Nurses draw vaccine doses from a vial as Maryland residents receive their second dose of the Moderna coronavirus vaccine at the Cameron Grove Community Center on March 25, 2021 in Bowie, Maryland.
Win McNamee | Getty Images
A new study backed by the National Institutes of Health aims to help doctors and public officials figure out what people can and cannot do after they get vaccinated against the coronavirus, including whether they will still need to wear masks and practice social distancing.
The study, funded by the National Institute of Allergy and Infectious Disease within NIH, will test the Moderna Covid-19 vaccine’s ability to prevent infection of the coronavirus, limit the amount of virus in the nose and reduce transmission from inoculated people to close contacts.
“We hope that within the next five or so months we’ll be able to answer the very important question about whether vaccinated people get infected asymptomatically and if they do, do they transmit the infection to others,” White House Chief Medical Advisor Dr. Anthony Fauci said at a press briefing Friday.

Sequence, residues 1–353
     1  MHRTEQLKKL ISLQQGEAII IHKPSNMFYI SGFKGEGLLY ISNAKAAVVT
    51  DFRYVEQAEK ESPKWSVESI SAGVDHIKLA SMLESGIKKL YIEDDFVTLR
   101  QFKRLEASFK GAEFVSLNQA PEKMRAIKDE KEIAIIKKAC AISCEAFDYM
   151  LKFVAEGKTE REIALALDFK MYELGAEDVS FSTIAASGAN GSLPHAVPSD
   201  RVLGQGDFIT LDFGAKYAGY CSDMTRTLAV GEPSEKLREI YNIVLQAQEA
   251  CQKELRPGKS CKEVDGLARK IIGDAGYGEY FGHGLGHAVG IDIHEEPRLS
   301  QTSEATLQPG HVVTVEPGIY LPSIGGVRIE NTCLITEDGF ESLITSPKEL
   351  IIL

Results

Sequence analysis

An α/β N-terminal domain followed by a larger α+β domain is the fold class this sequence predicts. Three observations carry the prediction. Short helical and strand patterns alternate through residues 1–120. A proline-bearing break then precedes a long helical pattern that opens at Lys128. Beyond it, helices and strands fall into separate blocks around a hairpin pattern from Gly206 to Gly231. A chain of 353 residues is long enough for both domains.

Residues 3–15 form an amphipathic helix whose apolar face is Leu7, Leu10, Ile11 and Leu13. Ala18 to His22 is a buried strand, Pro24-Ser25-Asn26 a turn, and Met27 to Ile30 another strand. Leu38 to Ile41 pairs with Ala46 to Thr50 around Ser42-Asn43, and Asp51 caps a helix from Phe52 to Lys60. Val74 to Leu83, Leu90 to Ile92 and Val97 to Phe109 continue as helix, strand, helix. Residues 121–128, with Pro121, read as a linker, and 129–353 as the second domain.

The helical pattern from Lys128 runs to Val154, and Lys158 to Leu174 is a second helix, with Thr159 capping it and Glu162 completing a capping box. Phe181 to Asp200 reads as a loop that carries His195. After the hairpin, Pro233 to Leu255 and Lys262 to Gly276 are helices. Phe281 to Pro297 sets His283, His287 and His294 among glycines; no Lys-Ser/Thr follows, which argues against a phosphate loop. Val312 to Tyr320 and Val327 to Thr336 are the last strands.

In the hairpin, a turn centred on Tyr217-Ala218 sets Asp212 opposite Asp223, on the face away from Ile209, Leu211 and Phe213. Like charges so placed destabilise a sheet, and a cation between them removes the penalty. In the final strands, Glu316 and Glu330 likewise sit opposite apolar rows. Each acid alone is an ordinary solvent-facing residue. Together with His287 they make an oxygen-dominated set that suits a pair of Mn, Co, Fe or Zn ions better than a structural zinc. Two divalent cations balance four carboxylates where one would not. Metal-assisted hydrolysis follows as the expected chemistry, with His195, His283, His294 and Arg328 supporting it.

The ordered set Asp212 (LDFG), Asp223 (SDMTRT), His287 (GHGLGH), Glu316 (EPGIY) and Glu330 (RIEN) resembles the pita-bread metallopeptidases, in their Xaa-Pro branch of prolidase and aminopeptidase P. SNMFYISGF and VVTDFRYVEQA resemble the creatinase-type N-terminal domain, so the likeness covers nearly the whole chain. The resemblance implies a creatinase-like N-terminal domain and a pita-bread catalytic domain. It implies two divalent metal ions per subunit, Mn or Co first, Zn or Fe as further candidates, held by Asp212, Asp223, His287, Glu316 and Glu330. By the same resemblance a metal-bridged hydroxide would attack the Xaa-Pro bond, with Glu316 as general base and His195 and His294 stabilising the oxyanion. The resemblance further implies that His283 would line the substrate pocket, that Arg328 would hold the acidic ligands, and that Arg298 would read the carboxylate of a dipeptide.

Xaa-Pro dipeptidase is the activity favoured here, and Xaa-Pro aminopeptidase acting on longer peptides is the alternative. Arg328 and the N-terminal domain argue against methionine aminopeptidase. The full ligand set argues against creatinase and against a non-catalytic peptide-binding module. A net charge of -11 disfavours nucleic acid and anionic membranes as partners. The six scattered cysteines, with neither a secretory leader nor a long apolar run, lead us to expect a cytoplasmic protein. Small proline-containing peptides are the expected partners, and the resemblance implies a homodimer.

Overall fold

The randomized, controlled study will follow 12,000 college students aged 18 to 26 years old at more than 20 U.S. universities over five months. Preliminary study sites opened Thursday.
Study participants will be randomly split into two groups. Six thousand students will be vaccinated right away with Moderna’s two-shot vaccine spread 28 days apart while. Six thousand will be vaccinated four months later as an initial control group.
The Centers for Disease Control and Prevention released its first guidance for people who have been fully inoculated against Covid-19 on March 8. According to the CDC, fully vaccinated people can safely visit with other fully vaccinated people and some unvaccinated people indoors without wearing masks or social distancing.